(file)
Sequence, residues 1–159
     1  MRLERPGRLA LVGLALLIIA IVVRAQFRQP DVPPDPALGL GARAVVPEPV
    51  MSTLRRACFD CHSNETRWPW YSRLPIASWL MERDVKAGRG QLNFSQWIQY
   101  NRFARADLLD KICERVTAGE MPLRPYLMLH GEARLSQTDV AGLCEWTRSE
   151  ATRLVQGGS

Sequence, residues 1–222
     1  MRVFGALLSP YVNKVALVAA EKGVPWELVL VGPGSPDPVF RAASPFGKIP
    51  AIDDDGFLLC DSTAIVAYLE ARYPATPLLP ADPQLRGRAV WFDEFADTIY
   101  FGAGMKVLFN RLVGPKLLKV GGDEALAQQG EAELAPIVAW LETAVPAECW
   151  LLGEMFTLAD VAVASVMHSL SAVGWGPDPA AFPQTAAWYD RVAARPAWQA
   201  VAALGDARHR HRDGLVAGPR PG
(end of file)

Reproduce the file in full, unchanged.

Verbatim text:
Sequence, residues 1–159
     1  MRLERPGRLA LVGLALLIIA IVVRAQFRQP DVPPDPALGL GARAVVPEPV
    51  MSTLRRACFD CHSNETRWPW YSRLPIASWL MERDVKAGRG QLNFSQWIQY
   101  NRFARADLLD KICERVTAGE MPLRPYLMLH GEARLSQTDV AGLCEWTRSE
   151  ATRLVQGGS

Sequence, residues 1–222
     1  MRVFGALLSP YVNKVALVAA EKGVPWELVL VGPGSPDPVF RAASPFGKIP
    51  AIDDDGFLLC DSTAIVAYLE ARYPATPLLP ADPQLRGRAV WFDEFADTIY
   101  FGAGMKVLFN RLVGPKLLKV GGDEALAQQG EAELAPIVAW LETAVPAECW
   151  LLGEMFTLAD VAVASVMHSL SAVGWGPDPA AFPQTAAWYD RVAARPAWQA
   201  VAALGDARHR HRDGLVAGPR PG